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Sen. Al Franken comes out swinging against Comcast-NBC deal

Doesn't look like comedian turned senator Al Franken is planning a return to NBC's "Saturday Night Live" anytime soon.

In his opening remarks about the proposed Comcast-NBC deal at a hearing held by the Senate Subcommittee on Antitrust, Competition Policy and Consumer Rights, Franken (D-Minn.) ripped into the deal and the risks it could present to not only consumers but media competition as well.

Franken, who was a regular on NBC's "Saturday Night Live" for years and also had a short-lived sitcom on the network called "Lateline" in the late 1990s, dismissed the claims made by Comcast and NBC Universal that the partnering of the nation's largest broadband and cable provider with the entertainment giant would not harm competitors or the public.

FRANKEN "You’ll have to excuse me if I don’t trust these promises, and that is from experience in this business," Franken snapped.

Franken noted that similar promises were made by NBC when it was supporting the gutting of federal regulations that limited the amount of programming a broadcast network could own. Known as the financial interest and syndication rules, the Federal Communications Commission removed them over a decade ago after years of debate between producers and networks. Getting rid of the so-called fin-syn rules cleared the way for the mergers of Walt Disney and ABC as well as Viacom and CBS.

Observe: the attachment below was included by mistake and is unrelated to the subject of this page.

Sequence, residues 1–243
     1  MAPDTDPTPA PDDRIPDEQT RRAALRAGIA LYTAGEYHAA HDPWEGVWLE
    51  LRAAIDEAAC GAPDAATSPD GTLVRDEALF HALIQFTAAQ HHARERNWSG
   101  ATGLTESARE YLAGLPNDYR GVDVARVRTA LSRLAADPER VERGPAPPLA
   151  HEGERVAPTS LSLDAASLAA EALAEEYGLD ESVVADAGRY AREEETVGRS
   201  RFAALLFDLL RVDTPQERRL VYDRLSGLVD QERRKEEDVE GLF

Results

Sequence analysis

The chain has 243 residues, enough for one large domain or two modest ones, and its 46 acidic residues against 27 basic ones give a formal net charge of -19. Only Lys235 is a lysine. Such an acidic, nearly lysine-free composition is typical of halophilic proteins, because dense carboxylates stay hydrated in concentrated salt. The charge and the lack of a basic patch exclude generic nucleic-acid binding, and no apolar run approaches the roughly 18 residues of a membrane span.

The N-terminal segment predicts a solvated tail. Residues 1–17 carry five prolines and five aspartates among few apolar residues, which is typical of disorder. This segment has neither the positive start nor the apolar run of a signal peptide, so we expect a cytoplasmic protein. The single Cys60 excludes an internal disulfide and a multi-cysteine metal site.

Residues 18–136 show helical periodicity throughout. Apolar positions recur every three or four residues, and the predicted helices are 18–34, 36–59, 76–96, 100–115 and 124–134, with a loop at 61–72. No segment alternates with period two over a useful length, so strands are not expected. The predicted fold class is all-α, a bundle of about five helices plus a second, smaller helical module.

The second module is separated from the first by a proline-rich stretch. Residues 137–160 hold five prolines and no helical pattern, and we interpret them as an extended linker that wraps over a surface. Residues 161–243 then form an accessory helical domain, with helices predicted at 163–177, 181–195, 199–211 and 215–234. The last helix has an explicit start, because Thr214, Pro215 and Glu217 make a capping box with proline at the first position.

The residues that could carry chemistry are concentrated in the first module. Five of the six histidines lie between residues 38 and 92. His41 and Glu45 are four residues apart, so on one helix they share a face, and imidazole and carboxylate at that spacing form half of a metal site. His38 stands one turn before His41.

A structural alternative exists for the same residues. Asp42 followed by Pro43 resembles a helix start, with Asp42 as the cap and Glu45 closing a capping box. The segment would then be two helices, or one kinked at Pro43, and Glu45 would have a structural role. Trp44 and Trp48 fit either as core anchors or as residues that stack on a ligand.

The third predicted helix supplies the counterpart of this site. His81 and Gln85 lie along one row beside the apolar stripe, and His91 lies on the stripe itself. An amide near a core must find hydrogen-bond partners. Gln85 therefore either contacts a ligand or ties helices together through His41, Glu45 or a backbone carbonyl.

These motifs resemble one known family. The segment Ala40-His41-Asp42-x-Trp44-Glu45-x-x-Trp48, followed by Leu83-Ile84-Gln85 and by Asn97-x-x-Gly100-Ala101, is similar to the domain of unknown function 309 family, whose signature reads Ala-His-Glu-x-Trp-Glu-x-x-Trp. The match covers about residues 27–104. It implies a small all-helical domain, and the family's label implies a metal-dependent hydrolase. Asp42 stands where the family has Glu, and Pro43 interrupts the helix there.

At the same time, most independent production companies were either gobbled up or went out of business. Today, the majority of programming is made by the big broadcast networks and studios.

Franken even pointed to NBC General Counsel Rick Cotton during his opening remarks and accused NBC of demanding that producers give them ownership in shows if they wanted the shows to get on the air.